This method runs the deployment environment through an operator and pulls a new image into the environment when the operator observes a change in the Source Code Management (SCM) repository. GitOps is slowly emerging as an industry standard, enabling organizations to use and rely on SCM as a source of truth. It can also provide value such as version control, drift control, and removal of manual iterations from the environment instead of leveraging Git-based workflows.

Security testing is important no matter what pipeline you are dealing with. NIST provides static application security testing (SAST), dynamic application security testing (DAST), interactive application security testing (IAST), and software composition analysis. We present general security tests including

All of these types of tests are very important to lower your risk and identify vulnerabilities. These scans can uncover vulnerabilities, container image issues, and compliance concerns. There is also the need to check for security and compliance issues in IaC templates before they reach the runtime environment. This is called shifting security left. Of course, you need to keep an eye on and awareness of runtime vulnerabilities.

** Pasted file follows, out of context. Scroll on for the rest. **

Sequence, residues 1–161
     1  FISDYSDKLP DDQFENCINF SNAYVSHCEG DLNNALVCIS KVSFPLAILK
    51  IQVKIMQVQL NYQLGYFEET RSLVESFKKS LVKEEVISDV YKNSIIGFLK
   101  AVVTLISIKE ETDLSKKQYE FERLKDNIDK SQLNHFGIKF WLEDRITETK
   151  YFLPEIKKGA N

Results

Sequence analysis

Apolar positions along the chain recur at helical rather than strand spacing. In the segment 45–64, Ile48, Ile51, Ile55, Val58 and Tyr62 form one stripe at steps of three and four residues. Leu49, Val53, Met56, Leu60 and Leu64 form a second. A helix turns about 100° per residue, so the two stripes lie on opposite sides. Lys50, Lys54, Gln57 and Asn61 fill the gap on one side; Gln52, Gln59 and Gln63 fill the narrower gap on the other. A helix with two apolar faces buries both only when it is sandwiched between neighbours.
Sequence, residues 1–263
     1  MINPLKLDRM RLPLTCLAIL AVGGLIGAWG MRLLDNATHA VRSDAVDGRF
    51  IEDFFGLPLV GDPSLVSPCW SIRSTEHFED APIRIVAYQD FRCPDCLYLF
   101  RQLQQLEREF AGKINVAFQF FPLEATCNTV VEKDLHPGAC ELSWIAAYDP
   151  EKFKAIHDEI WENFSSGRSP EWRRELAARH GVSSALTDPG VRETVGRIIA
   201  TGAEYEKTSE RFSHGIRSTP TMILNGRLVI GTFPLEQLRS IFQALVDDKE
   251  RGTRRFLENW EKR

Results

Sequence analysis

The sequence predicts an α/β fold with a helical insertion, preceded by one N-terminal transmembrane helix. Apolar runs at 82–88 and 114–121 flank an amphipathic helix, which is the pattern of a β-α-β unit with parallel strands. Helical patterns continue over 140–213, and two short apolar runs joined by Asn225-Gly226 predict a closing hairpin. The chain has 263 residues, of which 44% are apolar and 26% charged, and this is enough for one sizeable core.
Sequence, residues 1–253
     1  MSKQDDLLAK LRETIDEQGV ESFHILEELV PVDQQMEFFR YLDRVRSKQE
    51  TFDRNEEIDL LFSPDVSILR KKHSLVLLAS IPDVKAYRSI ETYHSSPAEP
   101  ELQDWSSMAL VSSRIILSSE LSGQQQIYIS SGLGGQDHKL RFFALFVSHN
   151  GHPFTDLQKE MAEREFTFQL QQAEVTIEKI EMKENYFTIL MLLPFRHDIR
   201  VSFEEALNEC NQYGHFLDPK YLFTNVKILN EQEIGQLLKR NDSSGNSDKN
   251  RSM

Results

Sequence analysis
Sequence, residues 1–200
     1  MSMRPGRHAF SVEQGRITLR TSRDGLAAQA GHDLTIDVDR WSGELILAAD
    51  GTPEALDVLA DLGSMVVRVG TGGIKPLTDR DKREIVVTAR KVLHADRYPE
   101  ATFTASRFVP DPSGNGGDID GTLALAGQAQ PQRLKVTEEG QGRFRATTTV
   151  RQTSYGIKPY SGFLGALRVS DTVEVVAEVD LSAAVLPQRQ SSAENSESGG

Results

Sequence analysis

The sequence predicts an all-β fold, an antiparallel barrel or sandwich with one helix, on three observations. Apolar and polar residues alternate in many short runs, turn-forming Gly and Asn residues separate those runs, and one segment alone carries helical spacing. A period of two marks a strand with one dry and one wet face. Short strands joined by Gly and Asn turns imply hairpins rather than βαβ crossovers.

NIST’s guide discusses DevSecOps in the context of a Continuous Authority To Operate (cATO) that authorizes systems to be placed in production. Compliance code can be discovered, and dashboards can provide runtime visibility. You may find a more thorough cATO guide in the cATO guide to be released by the Department of Defense (DoD). The DoD Guide will cover platform, team and process authorization more comprehensively. The DoD has recently published several DevSecOps documents, including corporate strategy, playbooks, and groundbreaking documents.

NIST will collect comments on draft SP 800-204C document by November 1st. [email protected]

Source: ITWorld Korea by www.itworld.co.kr.